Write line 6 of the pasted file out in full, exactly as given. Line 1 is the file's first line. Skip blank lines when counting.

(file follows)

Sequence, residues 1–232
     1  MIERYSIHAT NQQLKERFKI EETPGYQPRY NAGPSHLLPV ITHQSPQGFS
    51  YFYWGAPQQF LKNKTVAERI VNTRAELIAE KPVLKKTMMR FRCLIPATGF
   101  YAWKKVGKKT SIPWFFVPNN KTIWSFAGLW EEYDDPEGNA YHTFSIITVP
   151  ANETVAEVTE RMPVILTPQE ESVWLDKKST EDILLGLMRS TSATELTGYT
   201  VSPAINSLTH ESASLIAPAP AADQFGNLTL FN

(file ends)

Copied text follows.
   201  VSPAINSLTH ESASLIAPAP AADQFGNLTL FN